Over the past 18 months, Australian Competition and Consumer Commission (ACCC) head, Rod Sims, has issued a spate of warnings about, and voiced opposition to, the spate of asset privatisations being undertaken across the country.
In March last year, Sims warned that these privatisations risked lessening competition in key markets, harming consumers and stifling the economy’s productivity:
“The ACCC is doing a bit of high level advocacy to say that we think on privatisation at the moment the dial has moved a bit too much to maximise proceeds, we would like to make sure that the dial moves to get an appropriate regulatory arrangement”…
Mr Sims said for too long the focus of asset being privatised had been on the sale price…
He said a proper regulatory environment needed to be put in place before government assets were sold, especially if they were natural monopolies, and that this included an arbitration regime to settle arguments between owners and users on things such as price.
In July this year, Sims stepped-up his opposition to further privatisations, claiming that Australian users and consumers are being gouged:
[Sims] said he was now “almost at the point of opposing privatisation” because state and federal governments were becoming increasingly blatant about structuring sales to maximise proceeds at the expense of competition.
“I am getting more exasperated. I just think governments are more explicitly now privatising to maximise the proceeds – including the Commonwealth,” he said…
“They are explicitly saying the reason they don’t want to do this or this is that it’ll damage the proceeds they are getting. They’re not even playing the rhetorical game any more.
“I see it getting worse. I think a sharp upper cut is needed in this area. That’s why I am saying, ‘let’s just stop the privatisations’. It is increasing prices – let’s just call it out”…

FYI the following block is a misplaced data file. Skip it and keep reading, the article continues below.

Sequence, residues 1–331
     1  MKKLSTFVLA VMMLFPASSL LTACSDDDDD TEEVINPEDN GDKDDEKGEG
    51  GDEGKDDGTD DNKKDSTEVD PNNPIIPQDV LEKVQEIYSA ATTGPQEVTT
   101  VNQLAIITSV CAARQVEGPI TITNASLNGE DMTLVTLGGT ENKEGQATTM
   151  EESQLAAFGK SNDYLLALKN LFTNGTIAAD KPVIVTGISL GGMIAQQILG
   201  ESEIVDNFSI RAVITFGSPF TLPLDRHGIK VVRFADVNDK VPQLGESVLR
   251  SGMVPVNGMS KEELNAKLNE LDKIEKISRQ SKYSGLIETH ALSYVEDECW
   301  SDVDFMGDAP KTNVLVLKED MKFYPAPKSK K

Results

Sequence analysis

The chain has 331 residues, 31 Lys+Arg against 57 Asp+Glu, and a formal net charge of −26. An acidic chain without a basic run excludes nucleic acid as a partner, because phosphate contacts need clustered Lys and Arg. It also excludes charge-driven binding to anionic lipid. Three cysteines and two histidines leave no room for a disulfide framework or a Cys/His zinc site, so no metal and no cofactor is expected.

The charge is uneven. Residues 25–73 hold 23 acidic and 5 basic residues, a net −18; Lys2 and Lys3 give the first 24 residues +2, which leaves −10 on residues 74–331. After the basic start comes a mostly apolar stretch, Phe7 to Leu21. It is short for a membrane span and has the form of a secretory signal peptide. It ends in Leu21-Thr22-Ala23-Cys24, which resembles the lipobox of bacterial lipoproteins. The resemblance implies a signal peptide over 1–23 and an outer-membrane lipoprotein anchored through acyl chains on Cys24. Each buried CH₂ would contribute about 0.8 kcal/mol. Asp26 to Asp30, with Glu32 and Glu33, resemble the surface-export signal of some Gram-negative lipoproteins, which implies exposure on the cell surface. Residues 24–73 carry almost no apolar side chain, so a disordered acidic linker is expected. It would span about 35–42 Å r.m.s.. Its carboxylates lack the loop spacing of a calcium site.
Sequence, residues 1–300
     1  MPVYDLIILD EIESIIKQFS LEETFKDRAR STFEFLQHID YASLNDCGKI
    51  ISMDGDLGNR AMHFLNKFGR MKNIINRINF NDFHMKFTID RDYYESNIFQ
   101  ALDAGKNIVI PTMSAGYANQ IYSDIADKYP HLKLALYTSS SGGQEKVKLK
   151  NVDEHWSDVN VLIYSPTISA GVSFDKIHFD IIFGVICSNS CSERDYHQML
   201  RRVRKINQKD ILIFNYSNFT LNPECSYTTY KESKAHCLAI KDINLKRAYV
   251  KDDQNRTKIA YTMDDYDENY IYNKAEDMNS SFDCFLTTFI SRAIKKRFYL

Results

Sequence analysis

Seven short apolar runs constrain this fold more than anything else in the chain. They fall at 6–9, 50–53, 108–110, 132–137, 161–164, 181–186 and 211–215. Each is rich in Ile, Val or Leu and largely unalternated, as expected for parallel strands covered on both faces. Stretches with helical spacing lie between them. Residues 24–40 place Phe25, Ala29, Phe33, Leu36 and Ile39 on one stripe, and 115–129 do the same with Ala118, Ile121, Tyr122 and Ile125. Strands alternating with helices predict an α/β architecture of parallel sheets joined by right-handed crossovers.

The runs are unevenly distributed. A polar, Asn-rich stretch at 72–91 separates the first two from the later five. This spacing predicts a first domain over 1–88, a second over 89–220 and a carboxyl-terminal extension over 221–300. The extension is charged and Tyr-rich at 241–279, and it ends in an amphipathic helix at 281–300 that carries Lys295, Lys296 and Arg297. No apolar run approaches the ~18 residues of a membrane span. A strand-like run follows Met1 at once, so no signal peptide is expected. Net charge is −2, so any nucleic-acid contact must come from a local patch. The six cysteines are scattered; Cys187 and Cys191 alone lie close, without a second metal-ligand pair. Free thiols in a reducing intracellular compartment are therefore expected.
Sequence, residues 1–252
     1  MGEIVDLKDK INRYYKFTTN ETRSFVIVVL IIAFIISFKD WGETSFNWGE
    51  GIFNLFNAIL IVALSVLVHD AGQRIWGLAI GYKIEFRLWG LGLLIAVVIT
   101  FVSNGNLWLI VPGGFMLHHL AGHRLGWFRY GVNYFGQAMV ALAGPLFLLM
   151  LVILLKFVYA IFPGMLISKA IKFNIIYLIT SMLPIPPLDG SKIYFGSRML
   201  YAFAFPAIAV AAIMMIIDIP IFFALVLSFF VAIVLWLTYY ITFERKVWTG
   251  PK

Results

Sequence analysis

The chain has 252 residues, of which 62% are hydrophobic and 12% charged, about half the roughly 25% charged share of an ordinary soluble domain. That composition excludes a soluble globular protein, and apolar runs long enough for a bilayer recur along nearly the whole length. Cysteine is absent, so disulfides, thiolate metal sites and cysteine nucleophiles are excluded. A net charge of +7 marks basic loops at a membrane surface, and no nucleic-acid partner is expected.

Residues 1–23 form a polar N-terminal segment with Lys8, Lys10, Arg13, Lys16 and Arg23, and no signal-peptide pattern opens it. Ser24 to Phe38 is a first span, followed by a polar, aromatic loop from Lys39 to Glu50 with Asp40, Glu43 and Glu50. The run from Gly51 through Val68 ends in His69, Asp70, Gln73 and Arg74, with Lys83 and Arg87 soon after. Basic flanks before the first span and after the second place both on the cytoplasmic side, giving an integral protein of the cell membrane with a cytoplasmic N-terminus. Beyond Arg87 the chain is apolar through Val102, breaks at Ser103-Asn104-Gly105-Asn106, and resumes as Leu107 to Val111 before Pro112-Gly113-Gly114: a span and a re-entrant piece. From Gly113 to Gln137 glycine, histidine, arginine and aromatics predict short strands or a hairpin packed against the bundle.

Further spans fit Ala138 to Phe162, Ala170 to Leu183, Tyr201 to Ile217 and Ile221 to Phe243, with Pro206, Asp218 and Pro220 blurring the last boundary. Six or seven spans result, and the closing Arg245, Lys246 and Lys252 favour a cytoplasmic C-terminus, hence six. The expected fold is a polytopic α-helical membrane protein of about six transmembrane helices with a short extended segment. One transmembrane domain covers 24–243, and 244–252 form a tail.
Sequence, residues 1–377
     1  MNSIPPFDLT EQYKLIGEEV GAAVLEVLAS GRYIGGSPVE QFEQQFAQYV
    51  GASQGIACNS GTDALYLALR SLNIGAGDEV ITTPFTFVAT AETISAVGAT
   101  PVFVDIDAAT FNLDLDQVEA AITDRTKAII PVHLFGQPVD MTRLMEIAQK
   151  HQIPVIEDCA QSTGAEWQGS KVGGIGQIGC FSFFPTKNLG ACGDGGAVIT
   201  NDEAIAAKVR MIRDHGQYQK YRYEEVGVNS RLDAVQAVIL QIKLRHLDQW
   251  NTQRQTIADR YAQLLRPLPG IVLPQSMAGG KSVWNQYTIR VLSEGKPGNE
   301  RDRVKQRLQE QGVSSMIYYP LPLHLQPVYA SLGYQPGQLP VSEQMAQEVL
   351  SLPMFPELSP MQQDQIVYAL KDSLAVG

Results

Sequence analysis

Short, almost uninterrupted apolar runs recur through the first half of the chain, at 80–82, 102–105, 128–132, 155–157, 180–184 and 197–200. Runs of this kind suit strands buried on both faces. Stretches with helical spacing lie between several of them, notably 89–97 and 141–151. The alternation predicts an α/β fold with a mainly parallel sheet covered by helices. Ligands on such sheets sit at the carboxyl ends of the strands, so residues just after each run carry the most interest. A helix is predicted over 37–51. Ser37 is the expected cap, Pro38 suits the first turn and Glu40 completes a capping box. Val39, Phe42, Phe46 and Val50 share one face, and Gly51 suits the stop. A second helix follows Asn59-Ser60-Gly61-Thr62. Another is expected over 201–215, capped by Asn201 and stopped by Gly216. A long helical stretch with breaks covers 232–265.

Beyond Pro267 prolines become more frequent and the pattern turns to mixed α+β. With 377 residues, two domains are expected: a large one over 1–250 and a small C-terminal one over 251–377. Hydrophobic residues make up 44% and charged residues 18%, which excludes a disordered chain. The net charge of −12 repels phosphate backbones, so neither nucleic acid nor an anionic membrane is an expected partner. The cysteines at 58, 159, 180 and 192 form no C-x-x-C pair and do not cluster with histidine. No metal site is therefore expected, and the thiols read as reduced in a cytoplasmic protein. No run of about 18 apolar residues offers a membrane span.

“I believe it’s severely damaging our economy,” he said… “I think it’s a serious issue facing Australia. I think it’s damaging our cost structure considerably.
As reported today in The AFR, Sims gave a speech to the Centre for Independent Studies (CIE), whereby he warned that Australia’s governments are risking the erosion of their social licence by pursuing asset sales to maximise proceeds rather than boosting productivity and user outcomes:
…”we’re doing it wrong” in our national approach to privatisation and the public’s increasing scepticism of what should be a lever of enhanced economic efficiency is well justified.
“In my view, it is seeing prices rise. In my view therefore the public – who associate privatisation with higher prices – they’re more right than wrong. And so we shouldn’t single the public out in saying ‘What do they know, they just don’t understand the argument?’
“They understand it very well. They see that we have been privatising in ways that push up prices and we shouldn’t be doing it because we’re actually harming the whole concept of privatisation itself”…
“Privatisation is not popular if you take a vote, because people believe it leads to high prices. They’re right. Often privatisation does lead to higher prices because we privatise for the wrong reasons and in the wrong way… we [should] privatise for the economic efficiency reasons, not to raise money”…